“If a person gave your body away to some passerby, you’d be furious, yet you hand over your mind to anyone who comes along so they may abuse you” - Epictetus
As the psychological stems from the physiological state we sit in according to Nietzsche, I think this quote from Epictetus shows the interconnectedness of how people, events, and situations outside of our control steal away our physical attention and, thereby, steal away our mental capacity for productivity, fulfillment, or self-actualization.
Just the other day, I am headed to class on the sixth floor of a 14-floor building. Like any other passing period, the lines for the elevator stretch to the building’s exterior, roughly forty people deep. A girl from my class holds the door for me, and I watch her step into the elevator line. As I myself am too impatient to wait, I take the stairs and get to my classroom early. Since I am early, I whip out my laptop, find another law firm to apply to, craft an email with my resume attached, and send it. Just as I hit send, the girl from the elevator line finally gets to class.
Now, I am not telling you this story to tell you to stop taking the elevator. After every run, I love taking the elevator up to the locker room and giving myself some rest. The point I am driving home here is that I faced a choice of how I wanted to set the tone for when I entered that classroom — idleness or activity.
If I decided to wait in line for the elevator, I inevitably would’ve whipped out my phone and become lost in a trance of texting and scrolling. I would’ve physically slowed myself down to a halt, and cognitively stopped the positive momentum gained from a morning of deep work and reading. Both my mind and body would’ve become effectively subject to the unpredictable laws of the elevator line, and I would’ve been time agonizing the line.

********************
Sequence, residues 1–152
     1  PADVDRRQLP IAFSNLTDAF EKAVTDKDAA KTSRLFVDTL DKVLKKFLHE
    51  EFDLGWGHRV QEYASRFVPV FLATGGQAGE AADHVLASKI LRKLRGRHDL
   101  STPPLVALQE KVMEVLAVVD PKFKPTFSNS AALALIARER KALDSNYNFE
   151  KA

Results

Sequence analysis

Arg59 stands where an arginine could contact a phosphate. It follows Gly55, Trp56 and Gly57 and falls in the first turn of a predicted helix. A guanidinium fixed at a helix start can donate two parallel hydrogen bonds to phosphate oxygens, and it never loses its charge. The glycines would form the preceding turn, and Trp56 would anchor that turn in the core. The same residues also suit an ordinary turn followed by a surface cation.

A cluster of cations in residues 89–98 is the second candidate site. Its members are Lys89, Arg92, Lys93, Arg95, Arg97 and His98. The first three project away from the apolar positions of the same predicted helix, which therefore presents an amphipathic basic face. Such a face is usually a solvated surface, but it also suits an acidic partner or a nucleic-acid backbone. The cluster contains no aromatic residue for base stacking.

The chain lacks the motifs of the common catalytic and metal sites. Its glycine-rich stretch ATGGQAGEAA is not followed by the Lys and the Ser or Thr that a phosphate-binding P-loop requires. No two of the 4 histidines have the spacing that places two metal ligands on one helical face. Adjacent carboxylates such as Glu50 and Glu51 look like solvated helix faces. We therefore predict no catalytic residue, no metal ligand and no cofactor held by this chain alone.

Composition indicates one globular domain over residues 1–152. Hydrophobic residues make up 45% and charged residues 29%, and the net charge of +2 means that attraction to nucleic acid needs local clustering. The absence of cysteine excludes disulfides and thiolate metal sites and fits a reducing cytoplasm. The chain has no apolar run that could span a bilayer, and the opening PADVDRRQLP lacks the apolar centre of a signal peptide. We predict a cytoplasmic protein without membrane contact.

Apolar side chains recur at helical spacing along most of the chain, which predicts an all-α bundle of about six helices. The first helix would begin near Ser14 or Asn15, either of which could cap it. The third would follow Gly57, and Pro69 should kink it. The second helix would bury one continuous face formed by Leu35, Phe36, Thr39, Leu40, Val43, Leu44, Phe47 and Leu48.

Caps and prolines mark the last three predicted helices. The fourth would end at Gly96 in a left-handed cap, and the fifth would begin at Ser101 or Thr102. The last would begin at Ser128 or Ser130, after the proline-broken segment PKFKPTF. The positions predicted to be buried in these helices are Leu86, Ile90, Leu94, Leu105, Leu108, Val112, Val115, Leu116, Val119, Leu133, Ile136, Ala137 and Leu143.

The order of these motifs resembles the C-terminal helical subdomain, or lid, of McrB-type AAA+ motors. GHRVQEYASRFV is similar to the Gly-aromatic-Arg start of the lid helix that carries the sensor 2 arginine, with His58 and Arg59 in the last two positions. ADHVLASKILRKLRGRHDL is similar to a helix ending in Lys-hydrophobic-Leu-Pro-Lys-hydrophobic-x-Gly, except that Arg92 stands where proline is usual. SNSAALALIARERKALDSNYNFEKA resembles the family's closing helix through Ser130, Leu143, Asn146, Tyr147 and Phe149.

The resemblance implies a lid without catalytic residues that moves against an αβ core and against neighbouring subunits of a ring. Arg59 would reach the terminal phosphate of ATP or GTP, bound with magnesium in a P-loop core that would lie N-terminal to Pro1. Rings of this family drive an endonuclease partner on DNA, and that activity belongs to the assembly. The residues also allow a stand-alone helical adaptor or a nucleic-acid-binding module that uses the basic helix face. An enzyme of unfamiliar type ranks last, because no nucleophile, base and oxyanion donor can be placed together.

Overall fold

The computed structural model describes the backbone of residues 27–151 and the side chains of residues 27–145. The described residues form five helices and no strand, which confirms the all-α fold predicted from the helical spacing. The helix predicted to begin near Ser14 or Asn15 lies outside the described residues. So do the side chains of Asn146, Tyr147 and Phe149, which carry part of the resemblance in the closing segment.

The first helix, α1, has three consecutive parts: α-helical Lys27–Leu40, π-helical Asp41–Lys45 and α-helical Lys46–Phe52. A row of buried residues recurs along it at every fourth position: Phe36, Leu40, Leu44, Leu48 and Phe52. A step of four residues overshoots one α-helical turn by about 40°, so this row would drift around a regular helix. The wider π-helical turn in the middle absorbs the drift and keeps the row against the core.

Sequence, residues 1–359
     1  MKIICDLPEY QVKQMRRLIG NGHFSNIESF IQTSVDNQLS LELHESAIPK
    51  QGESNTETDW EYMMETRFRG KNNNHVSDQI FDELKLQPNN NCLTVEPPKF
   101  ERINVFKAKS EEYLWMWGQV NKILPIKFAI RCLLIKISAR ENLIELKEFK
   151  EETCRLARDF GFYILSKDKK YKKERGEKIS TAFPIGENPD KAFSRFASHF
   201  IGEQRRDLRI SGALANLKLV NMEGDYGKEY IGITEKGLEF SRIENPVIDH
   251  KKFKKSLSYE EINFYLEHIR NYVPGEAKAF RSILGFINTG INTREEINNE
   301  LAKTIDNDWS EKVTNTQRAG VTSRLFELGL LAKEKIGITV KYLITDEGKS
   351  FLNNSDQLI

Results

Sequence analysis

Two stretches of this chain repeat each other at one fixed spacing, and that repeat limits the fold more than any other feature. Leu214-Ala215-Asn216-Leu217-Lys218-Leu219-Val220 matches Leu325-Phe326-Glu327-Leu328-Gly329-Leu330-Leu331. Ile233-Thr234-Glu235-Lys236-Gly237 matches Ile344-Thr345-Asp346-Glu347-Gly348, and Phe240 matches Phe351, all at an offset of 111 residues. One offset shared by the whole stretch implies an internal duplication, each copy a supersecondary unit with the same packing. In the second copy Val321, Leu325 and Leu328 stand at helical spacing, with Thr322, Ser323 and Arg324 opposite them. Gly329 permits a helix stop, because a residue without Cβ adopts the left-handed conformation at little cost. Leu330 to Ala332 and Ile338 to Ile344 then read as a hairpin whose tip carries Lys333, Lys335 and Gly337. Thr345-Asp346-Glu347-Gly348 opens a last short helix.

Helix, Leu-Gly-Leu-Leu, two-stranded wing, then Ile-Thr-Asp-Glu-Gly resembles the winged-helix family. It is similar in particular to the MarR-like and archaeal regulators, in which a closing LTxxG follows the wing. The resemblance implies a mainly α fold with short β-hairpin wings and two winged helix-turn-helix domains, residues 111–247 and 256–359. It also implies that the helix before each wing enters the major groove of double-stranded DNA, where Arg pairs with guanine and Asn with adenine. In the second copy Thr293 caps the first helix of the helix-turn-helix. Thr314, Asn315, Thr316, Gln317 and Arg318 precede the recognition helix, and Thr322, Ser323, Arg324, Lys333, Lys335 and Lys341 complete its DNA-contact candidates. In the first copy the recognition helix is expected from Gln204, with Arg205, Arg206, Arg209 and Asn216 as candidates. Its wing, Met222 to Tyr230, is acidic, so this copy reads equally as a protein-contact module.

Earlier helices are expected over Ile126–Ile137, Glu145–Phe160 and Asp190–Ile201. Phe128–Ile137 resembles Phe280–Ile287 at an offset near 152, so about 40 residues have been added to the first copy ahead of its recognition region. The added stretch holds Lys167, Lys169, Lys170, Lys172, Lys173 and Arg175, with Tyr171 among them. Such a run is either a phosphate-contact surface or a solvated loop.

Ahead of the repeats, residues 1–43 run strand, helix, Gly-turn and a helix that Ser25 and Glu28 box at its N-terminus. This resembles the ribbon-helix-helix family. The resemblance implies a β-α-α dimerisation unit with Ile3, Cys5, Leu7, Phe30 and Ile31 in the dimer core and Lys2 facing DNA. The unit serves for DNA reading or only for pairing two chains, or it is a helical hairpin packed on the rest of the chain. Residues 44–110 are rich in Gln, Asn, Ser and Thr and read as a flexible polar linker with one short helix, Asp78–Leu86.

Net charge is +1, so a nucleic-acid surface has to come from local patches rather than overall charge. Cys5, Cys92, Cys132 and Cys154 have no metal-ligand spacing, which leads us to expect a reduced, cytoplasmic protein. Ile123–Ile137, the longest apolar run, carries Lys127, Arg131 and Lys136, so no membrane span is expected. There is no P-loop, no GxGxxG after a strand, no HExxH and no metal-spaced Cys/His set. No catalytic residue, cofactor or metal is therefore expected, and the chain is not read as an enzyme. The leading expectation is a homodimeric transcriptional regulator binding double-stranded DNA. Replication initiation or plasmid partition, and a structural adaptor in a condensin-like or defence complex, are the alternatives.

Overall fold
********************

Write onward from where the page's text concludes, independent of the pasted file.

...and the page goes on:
Instead, I chose a tone of activity. By choosing the stairs and keeping myself active, I bide myself some time to focus on the next course of action. Since I can’t really check my phone while taking the stairs, my mind is planning what I will do with the extra time before class. I could study for the final, work on a presentation, or, hey, why don’t I send another email to an employer?
Within the few minutes I saved by taking the stairs, I could’ve sent the email that gets me a job and alters my summer plans entirely. But aside from utilizing the stairs to bag a couple minutes of time back, the stairs allowed me to keep chugging forward. I propelled myself from waking up, hitting a deep work session, listening to an audiobook on the way to class, climbing the stairs, and shooting an email.
The stairs served as a means of keeping positive momentum moving forward. So ask yourself, where are you losing momentum in your life? If you drive through downtown traffic to get to work, could you take the public transit and work on the train? If you’re waiting for that pot of coffee to brew, could you make your bed or wipe down the counter?
And as a final note, this is not a hate on leisure time. Like I said, after a good afternoon run, I love waiting for the elevator and chatting it up with my teammates, but this is because the day’s work is completed and my only remaining tasks are running, making dinner, and recovering. Idle time has its place. Decide when and where you wish to keep positive, productive momentum in your life, find ways to keep both your body and your mind moving in an efficient direction, and you’ll find yourself energized to get work done.
Have an awesome week!
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